Carriers wield the axe on more Asia-North Europe sailings to 'stop the rot'
Ocean carriers plying the Asia-North Europe tradelane are taking measures to “stop the rot” by ...
Shipping lines in the new alliance structure seem “indifferent to certain problems of backhaul shippers”, according to new research.
In its quarterly Container Freight Rates & Shipping Market Outlook, Drewry suggests the full impact of the new alliance structures is still to be seen, with some in the market seeing “a kind of hierarchy with the 2M being the strongest, certainly financially”, followed by the Ocean Alliance, with THE Alliance being “perhaps the weakest grouping financially”.
Neil Dekker, director for container research, said there had been “an awful lot of services reconfigured” as a consequence of the alliance rejig, causing “short-term turmoil” and capacity restrictions on tradelanes, such as the backhaul North Europe to Asia route.
As a result Simon Heaney, senior manager container research, said he thought there were opportunities for freight forwarders to make further inroads into container shipping client portfolios by offering smart solution benefits to the temporary supply chain issues caused by the alliance reshuffles.
Nevertheless, Drewry believes 2017 has started “very well for carrier freight rates” and the container shipping market is now “well and truly off the bottom”.
In a webinar presentation today, Drewry’s senior analysts were optimistic that container lines could turn a profit this year, but cautioned that the recovery was on a “knife edge”, and could be halted by a sudden spike in bunker costs or the outbreak of a new rate war.
Drewry predicts that the liner industry will collectively move into the black this year, but by a modest operating full-year profit of between $1.5bn and $3bn.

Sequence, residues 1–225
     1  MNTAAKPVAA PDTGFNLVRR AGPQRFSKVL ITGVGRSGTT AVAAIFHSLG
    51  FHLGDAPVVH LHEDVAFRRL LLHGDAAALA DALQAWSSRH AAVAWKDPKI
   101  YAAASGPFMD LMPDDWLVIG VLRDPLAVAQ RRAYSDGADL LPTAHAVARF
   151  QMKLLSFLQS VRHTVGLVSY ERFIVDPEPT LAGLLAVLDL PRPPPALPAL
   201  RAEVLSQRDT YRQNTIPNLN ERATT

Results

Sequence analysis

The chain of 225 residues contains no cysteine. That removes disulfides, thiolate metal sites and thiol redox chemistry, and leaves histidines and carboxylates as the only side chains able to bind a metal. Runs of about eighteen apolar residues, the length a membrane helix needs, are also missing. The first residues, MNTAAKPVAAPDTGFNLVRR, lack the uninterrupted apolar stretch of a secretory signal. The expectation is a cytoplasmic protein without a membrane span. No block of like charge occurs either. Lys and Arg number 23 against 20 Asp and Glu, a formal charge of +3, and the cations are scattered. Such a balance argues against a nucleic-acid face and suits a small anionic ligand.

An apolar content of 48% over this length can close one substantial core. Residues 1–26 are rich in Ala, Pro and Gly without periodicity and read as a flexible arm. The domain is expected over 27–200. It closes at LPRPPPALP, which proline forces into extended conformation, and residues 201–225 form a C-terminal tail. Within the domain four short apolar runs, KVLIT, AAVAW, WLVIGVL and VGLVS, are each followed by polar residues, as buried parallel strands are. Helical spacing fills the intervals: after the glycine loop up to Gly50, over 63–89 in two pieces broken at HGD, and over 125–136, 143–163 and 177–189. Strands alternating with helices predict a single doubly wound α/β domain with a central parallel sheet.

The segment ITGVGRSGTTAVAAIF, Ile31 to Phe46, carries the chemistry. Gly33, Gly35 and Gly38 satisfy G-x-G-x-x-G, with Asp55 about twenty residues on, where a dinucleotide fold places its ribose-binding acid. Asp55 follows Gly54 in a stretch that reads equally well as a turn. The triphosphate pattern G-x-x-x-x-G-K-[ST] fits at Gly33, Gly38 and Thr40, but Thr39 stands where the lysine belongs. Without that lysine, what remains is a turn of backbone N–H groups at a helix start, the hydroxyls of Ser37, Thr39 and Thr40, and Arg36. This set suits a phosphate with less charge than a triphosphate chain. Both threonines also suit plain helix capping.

Drewry is forecasting global demand growth of 2.8% for 2017, against a capacity growth of 2.7% – a figure that has been downgraded to factor in “strong scrapping and carriers delaying deliveries”.
Mr Dekker, said that the orderbook had been “dead for well over a year”. Indeed, he said there seemed no prospect of a recovery for the embattled shipyards, given that there is currently zero appetite from the carriers for more newbuild tonnage.
On freight rates, Mr Heaney said: “We can say with a high degree of confidence that the market has turned, and that carriers are once again price givers rather than price takers.”
Drewry maintained its forecast of an 11-12% increase in global freight rates this year, and a 14% lift in east – west rates.
However, Mr Heaney added that after the assessment of new data it was “pretty likely” that this forecast would be raised in Drewry’s June review “by at least a few percentage points”.
However, the analyst noted that the current uptick would do little to reverse the long-term decline in rates and that to do so would require a “prolonged period of above average rates”.
He added that “eventually the current bull run would come to an end” and rates would revert back to the trend. “The only question is when?”